Design and development of the portable build platform and heated travel envelope for the Multi3D manufacturing system
The final product functionality of parts produced by Additive Manufacturing (AM) can, in part, be improved by the inclusion of multi-material capabilities. The “Multi3D system” that is under development at The University of Texas at El Paso uses material extrusion printing (or fused deposition modeling), solid conductor wire embedding, direct-write, component placement, and micromaching to enable multi-material fabrication. The Multi3D was designed to transport a workpiece between manufacturing stations via a six-axis robot, portable build platform (PBP), and a controlled temperature environment or chamber that travels to each manufacturing station. The heated travel envelope (HTE) was included to mitigate thermal shrinkage (and eventually warping) that occurs when a thermoplastic is subjected to a decrease in temperature within a short time frame. An end-effector was also designed to allow the six-axis robot to interact and handle the PBP and HTE. Discussed in this work is the design and construction of the HTE as well as its performance in terms of maintaining a stable temperature while considering the imposed weight and dimensional constraints. The HTE design includes a compressible high temperature bellow “door” which allows it slide over builds and increases the height of builds (~22 cm) which can be produced in the Multi3D system. The HTE is capable of maintaining a 150 ± 8°C environment with its convective heating system, which is the baseline set for building parts with polycarbonate, specifically 145°C. The temperature change (drop) of parts is reduced by 71% with the inclusion of HTE in the transportation process. The quantified temperature drop without the HTE during transportation was approximately 21 °C in comparison to 6 °C with the HTE. The construction and performance (e.g., locating accuracy) of the PBP are also discussed. The PBP was designed around the “Platen” build platform to replicate its abilities but in a form that allows it to be portable. The PBP is able to receive vacuum (-42.3 ±8.5 KPa) supply for restraining sacrificial build sheets in two forms, from the station of the Multi3D system it is placed in and from the end-effector. The PBP locates accurately into the FDM system, in a form that maintains the FDM’s achievable accuracy of ±38 ?m, via the use of three locating pins and its vacuum fitting. The locating accuracy of the PBP was determined by printing “stair step” parts which were analyzed for layer shifting. These results were compared to stair steps printed in an unmodified FDM system as a control. The layer shifting was measured to be +50.8 to -38.1?m for non-paused builds and +63.5 to -50.8 ?m for paused builds on both machines (modified and control). This gave indication that the modifications done to the FDM machine and the portable build platform had no direct effect on the achievable accuracy in parts with this specific geometry and these processing conditions. Ultimately, the Multi3D system will be utilized for Aerospace applications to manufacture components for Unmanned Aerial Vehicles (UAVs) and satellites, but other applications where disparate materials are required can be envisioned. This can be accomplished with these components or subsystems which were developed for material handling within the system.^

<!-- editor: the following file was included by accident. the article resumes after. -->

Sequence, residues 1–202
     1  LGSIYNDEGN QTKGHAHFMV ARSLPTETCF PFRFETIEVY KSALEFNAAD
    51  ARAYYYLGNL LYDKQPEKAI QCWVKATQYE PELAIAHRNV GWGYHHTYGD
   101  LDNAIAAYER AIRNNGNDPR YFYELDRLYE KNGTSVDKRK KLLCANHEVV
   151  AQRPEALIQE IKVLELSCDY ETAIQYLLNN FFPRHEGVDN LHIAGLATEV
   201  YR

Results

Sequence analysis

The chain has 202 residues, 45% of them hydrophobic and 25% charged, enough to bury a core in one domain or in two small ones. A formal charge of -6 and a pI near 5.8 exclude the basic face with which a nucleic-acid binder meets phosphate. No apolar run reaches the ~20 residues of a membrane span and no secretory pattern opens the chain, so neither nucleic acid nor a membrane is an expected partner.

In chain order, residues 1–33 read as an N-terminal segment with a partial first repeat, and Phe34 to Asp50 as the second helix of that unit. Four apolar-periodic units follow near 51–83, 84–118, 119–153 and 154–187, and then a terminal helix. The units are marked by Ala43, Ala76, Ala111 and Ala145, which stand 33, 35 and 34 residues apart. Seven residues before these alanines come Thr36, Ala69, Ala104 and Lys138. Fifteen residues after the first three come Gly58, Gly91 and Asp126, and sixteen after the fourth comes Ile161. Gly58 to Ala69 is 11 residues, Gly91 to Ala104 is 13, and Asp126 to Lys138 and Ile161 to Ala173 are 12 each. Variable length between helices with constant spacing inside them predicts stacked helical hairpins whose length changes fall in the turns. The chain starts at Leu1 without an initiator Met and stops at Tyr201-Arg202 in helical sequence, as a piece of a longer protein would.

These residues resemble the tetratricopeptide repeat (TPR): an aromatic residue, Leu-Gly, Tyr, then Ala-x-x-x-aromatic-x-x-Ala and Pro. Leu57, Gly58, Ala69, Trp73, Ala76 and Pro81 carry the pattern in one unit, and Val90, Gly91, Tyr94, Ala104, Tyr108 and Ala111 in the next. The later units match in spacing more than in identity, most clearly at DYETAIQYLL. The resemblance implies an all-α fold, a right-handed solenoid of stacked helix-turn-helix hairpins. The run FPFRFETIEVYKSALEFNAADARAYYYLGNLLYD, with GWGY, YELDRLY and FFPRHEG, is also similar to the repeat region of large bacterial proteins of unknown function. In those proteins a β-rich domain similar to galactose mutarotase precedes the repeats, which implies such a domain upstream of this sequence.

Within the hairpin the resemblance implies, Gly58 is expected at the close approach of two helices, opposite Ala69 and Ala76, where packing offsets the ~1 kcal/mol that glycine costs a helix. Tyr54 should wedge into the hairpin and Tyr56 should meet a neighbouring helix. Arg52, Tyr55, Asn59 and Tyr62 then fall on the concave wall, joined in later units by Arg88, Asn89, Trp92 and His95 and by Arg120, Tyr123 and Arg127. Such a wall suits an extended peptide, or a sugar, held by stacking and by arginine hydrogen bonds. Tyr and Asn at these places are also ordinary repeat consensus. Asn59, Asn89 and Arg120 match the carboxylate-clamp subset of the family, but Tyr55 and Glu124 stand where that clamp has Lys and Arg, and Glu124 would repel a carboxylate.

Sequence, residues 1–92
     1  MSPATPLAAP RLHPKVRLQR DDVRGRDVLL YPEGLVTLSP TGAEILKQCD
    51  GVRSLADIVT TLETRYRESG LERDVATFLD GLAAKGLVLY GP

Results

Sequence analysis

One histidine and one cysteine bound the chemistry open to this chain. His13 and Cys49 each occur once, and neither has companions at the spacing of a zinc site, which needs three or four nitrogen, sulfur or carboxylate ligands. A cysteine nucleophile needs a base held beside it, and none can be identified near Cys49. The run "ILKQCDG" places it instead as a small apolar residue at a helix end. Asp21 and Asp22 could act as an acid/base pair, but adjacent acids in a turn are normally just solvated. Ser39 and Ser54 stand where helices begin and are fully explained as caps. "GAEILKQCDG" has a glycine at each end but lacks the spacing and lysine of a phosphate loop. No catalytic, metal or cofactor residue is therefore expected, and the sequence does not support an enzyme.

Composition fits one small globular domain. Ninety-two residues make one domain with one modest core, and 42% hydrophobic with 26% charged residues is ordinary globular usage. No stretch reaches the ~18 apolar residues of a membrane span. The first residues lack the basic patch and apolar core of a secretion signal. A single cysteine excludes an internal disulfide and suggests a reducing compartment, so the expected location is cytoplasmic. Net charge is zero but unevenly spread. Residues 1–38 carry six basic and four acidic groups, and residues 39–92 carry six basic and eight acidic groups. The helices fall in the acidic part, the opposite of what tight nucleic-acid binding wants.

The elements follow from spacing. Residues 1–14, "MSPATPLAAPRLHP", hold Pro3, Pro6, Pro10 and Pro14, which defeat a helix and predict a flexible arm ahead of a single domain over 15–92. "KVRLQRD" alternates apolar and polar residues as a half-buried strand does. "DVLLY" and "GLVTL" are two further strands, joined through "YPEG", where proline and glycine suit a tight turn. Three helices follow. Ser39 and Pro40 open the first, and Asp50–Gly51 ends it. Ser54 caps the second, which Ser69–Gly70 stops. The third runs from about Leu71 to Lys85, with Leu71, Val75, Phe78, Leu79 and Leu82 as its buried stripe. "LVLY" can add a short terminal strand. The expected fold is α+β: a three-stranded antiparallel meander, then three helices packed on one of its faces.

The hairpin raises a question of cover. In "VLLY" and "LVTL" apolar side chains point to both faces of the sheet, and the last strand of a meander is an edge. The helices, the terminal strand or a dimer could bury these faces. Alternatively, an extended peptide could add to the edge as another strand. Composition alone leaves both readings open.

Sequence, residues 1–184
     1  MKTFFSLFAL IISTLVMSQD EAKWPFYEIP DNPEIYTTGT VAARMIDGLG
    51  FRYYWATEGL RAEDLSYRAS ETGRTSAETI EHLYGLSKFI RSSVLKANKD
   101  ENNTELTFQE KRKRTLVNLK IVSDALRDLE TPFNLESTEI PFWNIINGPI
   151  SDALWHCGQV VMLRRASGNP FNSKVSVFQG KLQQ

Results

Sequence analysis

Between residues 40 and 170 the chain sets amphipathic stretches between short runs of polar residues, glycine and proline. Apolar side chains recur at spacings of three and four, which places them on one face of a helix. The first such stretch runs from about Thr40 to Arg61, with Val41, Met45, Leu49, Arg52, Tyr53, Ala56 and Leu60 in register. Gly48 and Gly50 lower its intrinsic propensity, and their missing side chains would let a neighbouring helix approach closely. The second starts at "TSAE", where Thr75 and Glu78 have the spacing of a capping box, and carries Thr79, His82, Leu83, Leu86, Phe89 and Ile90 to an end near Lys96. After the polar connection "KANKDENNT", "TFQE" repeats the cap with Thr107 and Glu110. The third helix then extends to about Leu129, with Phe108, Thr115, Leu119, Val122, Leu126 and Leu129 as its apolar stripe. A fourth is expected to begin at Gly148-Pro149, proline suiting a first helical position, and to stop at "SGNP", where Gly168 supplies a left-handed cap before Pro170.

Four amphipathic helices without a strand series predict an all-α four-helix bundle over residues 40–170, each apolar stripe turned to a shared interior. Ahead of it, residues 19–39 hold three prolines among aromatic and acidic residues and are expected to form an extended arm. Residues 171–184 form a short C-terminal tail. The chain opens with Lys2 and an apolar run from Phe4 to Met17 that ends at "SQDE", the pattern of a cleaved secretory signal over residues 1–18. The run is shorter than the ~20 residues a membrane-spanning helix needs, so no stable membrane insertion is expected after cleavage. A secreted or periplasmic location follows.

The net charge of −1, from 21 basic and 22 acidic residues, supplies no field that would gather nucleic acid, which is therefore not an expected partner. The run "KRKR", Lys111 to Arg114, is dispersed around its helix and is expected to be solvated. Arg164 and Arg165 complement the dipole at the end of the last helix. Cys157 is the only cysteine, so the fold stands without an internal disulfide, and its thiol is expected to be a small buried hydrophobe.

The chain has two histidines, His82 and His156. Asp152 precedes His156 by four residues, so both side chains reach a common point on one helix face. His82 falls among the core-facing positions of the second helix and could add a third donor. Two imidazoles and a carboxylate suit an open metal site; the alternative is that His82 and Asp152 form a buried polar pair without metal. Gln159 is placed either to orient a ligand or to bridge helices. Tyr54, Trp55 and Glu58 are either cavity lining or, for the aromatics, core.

Ambriz, Steven Daniel, "Design and development of the portable build platform and heated travel envelope for the Multi3D manufacturing system" (2015). ETD Collection for University of Texas, El Paso. AAI10000784.